What is Groundwater? - Definition & Explanation

Instructor: Jeff Fennell

Jeff has a master's in engineering and has taught Earth science both domestically and internationally.

Groundwater accounts for up to 20% of all the fresh water on Earth. This lesson will explain what ground water is and its important aspects. Once you've completed the lesson, test your understanding with a quiz.


The simplest definition of groundwater is that it is water that is underground. Water takes up the available spaces between particles underground and moves in the direction of least pressure. Of all the fresh water on Earth, about 20% is groundwater.

As water seeps into the ground, it will continue downward due to gravity until the surrounding ground is saturated with water. The line where saturated and unsaturated layer meet is called the water table. In order for a well to be able to pump water, it must be as deep as the water table.

Water can be confined underground for thousands of years

Porosity and Permeability

The ability for the ground to hold water depends on two main factors, porosity and permeability.

Porosity is the amount of free space within a material (the ground in this example). Imagine if you pour water onto sand at the beach, it will sink right in; sand has high porosity. On the other hand, if you pour water onto a sidewalk, it will stay there until it evaporates away; cement, and cities in general, have very low porosity.

Permeability is how connected the free spaces in a material are, which is important for the ability for movement or transfer of water through the ground.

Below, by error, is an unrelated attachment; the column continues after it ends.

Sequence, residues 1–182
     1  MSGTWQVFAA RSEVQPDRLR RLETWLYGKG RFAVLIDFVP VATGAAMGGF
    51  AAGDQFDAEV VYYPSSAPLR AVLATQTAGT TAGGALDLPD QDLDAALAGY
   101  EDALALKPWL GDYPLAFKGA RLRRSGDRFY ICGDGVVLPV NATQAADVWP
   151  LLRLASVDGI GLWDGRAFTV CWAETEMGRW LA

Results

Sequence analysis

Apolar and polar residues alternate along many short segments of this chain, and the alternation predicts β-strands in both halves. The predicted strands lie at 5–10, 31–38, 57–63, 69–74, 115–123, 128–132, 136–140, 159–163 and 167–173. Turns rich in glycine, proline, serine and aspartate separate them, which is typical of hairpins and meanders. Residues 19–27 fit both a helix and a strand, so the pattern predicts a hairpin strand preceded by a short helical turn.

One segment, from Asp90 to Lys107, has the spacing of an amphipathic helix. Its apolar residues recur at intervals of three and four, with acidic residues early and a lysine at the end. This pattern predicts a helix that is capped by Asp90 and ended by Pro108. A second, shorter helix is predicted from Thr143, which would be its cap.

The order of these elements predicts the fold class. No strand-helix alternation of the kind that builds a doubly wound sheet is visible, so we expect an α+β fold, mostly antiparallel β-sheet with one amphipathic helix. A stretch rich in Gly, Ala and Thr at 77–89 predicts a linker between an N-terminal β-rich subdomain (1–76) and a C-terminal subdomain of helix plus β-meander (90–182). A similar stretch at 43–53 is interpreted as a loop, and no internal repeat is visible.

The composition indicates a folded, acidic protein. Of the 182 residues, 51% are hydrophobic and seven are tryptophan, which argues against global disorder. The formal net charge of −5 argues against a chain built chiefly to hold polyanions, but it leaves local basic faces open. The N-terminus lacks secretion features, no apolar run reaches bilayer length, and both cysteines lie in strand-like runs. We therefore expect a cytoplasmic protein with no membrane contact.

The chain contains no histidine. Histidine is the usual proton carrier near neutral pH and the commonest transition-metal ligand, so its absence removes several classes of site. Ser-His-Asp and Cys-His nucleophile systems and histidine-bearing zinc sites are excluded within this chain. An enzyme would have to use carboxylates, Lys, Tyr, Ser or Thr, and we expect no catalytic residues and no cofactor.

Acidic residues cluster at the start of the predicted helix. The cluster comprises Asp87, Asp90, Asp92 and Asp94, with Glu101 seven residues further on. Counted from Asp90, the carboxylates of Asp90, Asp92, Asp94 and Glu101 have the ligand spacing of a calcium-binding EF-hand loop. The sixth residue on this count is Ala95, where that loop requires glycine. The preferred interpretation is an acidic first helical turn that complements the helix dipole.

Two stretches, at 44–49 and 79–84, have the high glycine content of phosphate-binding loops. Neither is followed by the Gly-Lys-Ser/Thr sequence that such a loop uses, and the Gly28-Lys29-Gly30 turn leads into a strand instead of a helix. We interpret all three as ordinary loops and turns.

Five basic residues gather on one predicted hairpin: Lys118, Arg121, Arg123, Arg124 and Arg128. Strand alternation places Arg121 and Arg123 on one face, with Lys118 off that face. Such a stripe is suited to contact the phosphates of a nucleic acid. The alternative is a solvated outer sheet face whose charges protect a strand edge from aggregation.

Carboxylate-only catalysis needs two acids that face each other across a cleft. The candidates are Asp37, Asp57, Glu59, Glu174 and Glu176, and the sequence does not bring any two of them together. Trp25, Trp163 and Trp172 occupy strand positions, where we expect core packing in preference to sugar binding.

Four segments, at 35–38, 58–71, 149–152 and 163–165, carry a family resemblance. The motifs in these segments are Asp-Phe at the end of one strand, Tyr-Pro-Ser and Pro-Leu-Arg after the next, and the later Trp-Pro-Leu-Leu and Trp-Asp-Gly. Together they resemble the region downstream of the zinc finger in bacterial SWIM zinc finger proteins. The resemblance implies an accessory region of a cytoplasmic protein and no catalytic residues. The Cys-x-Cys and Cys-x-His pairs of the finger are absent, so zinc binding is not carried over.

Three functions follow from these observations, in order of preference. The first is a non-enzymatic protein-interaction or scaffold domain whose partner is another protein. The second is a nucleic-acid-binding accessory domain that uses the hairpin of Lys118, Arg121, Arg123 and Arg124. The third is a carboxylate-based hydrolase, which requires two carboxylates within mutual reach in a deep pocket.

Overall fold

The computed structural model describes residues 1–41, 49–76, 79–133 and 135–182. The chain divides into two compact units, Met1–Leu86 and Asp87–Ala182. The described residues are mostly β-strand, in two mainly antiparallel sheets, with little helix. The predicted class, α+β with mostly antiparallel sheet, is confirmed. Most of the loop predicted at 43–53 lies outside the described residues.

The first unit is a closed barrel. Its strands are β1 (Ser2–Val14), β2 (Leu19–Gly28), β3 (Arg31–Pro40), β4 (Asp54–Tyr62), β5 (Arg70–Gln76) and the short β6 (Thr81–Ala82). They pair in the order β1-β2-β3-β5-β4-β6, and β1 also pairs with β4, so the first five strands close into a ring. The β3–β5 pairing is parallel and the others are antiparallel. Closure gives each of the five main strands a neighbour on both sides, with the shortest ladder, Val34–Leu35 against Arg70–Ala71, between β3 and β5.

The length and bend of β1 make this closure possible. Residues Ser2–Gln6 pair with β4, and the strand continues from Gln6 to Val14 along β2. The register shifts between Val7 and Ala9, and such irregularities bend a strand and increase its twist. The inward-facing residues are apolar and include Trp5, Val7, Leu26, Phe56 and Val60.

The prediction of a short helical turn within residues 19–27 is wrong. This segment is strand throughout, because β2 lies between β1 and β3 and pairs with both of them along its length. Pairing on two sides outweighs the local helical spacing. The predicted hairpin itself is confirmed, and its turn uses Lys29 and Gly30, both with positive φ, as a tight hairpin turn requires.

For example, a cloth is permeable because water is able to pass through the cloth. On the other hand, a plastic bag is not permeable because water cannot pass through it.


Groundwater doesn't stay in the ground forever, at some point it comes back to the surface or flows into the ocean. An aquifer is the location where groundwater comes back to the surface from underground. An aquifer can be man-made or natural. Many towns around the country use aquifers for water supply. There are many naturally occurring aquifers as well, in some instances, a lake can be fed solely by an aquifer (as shown below).

Hanging Lake in Colorado is fed by an aquifer
hanging lake

To unlock this lesson you must be a Study.com Member.
Create your account

Register for a free trial

Are you a student or a teacher?
I am a teacher
What is your educational goal?

Unlock Your Education

See for yourself why 10 million people use Study.com

Become a Study.com member and start learning now.
Become a Member  Back

Earning College Credit

Did you know… We have over 49 college courses that prepare you to earn credit by exam that is accepted by over 2,000 colleges and universities. You can test out of the first two years of college and save thousands off your degree. Anyone can earn credit-by-exam regardless of age or education level.

To learn more, visit our Earning Credit Page

Transferring credit to the school of your choice

Not sure what college you want to attend yet? Study.com has thousands of articles about every imaginable degree, area of study and career path that can help you find the school that's right for you.

Click "next lesson" whenever you finish a lesson and quiz. Got It
You now have full access to our lessons and courses. Watch the lesson now or keep exploring. Got It
You're 25% of the way through this course! Keep going at this rate,and you'll be done before you know it.